Hungarian opposition stages big protest
( AP ) - Tens of thousands joined in a peaceful protest by Hungary's main center-right opposition party Tuesday, the 61st anniversary of the start of the 1956 anti-Soviet revolution and a year after police violently broke up another anti-government demonstration.
The gathering of Fidesz supporters also came a day after clashes between police and far-right protesters in which 19 people were injured, including 14 officers and three news photographers.
Political tensions in Hungary have been high for a year, since state radio broadcast parts of a secret speech by Socialist Prime Minister Ferenc Gyurcsany in which he admitted lying about the economy's weakness to win parliamentary elections in April 2006.
On last year's revolution anniversary, dozens of Fidesz supporters on their way home after a similar rally were injured when police used rubber bullets and tear gas to disperse more than 1,000 people from an unrelated demonstration who tried to march on the parliament building.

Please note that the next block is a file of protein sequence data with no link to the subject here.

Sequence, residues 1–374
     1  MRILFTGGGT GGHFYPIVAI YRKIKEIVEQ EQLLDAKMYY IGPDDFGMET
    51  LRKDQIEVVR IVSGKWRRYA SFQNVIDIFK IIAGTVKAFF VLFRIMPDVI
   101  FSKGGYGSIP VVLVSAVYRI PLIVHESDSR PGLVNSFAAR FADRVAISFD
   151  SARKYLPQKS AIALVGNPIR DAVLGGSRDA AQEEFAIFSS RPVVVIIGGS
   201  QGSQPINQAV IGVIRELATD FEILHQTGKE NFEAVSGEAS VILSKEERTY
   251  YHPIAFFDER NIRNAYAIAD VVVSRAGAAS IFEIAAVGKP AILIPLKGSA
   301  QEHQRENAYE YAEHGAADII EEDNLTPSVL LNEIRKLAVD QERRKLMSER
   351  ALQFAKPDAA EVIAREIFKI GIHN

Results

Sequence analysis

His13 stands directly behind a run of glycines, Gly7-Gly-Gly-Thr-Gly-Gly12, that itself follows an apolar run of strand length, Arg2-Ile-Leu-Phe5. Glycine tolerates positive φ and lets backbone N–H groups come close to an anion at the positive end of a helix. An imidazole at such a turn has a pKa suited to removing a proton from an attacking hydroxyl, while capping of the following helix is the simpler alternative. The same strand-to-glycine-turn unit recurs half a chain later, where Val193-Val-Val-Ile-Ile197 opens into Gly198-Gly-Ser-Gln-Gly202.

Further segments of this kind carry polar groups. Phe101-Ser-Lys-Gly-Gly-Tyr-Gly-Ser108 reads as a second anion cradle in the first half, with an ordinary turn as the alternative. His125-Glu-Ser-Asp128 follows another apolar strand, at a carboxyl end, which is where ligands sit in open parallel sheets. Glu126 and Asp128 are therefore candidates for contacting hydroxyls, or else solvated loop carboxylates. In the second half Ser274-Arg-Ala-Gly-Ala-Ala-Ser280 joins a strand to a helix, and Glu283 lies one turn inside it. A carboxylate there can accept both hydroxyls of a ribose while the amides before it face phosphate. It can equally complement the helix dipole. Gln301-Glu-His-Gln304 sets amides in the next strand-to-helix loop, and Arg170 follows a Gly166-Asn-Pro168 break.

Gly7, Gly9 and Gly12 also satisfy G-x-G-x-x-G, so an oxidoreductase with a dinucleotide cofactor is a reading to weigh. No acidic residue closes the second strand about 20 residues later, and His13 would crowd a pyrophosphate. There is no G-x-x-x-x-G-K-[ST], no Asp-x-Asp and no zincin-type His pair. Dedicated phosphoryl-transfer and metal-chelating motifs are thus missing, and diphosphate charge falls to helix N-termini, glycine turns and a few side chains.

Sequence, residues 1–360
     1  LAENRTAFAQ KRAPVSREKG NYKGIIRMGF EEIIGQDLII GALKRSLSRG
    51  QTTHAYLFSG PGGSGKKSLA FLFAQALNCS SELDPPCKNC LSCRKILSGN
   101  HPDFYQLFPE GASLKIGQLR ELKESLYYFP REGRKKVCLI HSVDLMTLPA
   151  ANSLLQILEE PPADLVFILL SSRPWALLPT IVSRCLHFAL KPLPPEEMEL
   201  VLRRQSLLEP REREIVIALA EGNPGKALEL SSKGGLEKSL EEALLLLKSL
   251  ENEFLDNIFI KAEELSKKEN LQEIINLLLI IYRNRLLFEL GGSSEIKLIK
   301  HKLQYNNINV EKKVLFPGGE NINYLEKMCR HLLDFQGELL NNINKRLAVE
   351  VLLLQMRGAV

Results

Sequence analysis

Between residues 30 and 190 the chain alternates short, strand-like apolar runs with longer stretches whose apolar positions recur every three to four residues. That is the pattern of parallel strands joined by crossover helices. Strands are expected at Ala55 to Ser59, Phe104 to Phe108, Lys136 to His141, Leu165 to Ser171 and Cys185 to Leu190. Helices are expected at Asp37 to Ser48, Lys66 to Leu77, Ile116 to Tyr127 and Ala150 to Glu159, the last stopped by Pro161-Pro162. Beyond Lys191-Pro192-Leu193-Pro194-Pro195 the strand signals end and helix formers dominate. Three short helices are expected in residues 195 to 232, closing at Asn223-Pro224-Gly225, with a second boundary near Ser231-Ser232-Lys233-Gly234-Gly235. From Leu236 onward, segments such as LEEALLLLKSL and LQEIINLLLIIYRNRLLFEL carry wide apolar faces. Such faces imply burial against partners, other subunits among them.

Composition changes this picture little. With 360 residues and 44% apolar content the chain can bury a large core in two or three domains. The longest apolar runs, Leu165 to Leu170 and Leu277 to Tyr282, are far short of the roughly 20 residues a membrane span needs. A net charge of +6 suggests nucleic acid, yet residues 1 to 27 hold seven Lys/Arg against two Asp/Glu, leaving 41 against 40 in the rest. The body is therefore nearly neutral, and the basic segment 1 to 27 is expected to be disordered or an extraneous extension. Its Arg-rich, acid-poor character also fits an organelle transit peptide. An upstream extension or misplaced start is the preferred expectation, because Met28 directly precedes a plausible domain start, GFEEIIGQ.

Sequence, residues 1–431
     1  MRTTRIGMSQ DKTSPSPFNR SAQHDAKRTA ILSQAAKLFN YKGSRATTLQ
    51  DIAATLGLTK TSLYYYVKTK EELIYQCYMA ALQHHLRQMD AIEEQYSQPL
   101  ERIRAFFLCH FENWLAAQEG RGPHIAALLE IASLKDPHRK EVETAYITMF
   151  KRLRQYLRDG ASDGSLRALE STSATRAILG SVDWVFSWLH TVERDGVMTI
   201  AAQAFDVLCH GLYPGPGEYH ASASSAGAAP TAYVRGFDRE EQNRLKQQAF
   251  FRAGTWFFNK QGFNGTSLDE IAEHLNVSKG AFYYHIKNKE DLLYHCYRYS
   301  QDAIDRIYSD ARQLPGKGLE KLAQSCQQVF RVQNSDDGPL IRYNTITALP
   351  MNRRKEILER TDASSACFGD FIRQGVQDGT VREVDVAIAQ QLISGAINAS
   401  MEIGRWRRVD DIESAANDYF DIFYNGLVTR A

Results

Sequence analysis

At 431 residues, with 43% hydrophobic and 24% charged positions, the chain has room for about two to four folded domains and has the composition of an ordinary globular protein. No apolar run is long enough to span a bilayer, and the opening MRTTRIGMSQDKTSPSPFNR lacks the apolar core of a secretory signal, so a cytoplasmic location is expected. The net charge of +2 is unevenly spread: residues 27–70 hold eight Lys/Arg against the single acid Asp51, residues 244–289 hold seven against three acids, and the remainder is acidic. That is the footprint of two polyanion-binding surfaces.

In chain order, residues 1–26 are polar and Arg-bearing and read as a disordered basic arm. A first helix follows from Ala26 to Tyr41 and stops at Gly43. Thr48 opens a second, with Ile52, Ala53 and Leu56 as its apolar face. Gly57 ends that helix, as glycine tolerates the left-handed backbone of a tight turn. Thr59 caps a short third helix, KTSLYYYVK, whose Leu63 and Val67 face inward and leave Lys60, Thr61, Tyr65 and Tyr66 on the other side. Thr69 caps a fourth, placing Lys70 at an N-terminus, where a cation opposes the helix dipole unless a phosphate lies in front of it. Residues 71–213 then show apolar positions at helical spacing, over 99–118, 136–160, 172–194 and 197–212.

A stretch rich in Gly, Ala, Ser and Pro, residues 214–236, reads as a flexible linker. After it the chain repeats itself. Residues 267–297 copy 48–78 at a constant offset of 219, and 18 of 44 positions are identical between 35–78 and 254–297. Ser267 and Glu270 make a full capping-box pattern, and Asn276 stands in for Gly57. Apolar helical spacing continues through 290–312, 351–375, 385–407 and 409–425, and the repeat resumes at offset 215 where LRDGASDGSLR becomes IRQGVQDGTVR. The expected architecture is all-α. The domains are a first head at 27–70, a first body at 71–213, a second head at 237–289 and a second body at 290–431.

Several police officers were filmed last year beating protesters and bystanders, but efforts to prosecute or discipline them were thwarted because many wore ski masks covering their faces and their uniforms lacked ID numbers.
Fidesz leader Viktor Orban said Tuesday that police and government officials would someday be brought to justice for the 2006 clash, but he also called for a halt to violence by protesters. "Violence is beneath us and only results in more violence," he said.
A few hours after the Fidesz rally ended, about 200 far-right supporters threw rocks and bottles at police near parliament and were driven away with tear gas.
Orban accused Gyurcsany's government of driving this former Soviet bloc country into poverty and a social crisis.
"All we've had for years is crises, suffering and exasperation," he told a crowd estimated at 250,000 by organizers and 30,000 by police.
While Gyurcsany continues to enjoy support from the governing coalition, his popularity has dwindled amid economic austerity measures introduced to cut the state budget deficit, the largest in the European Union the past few years.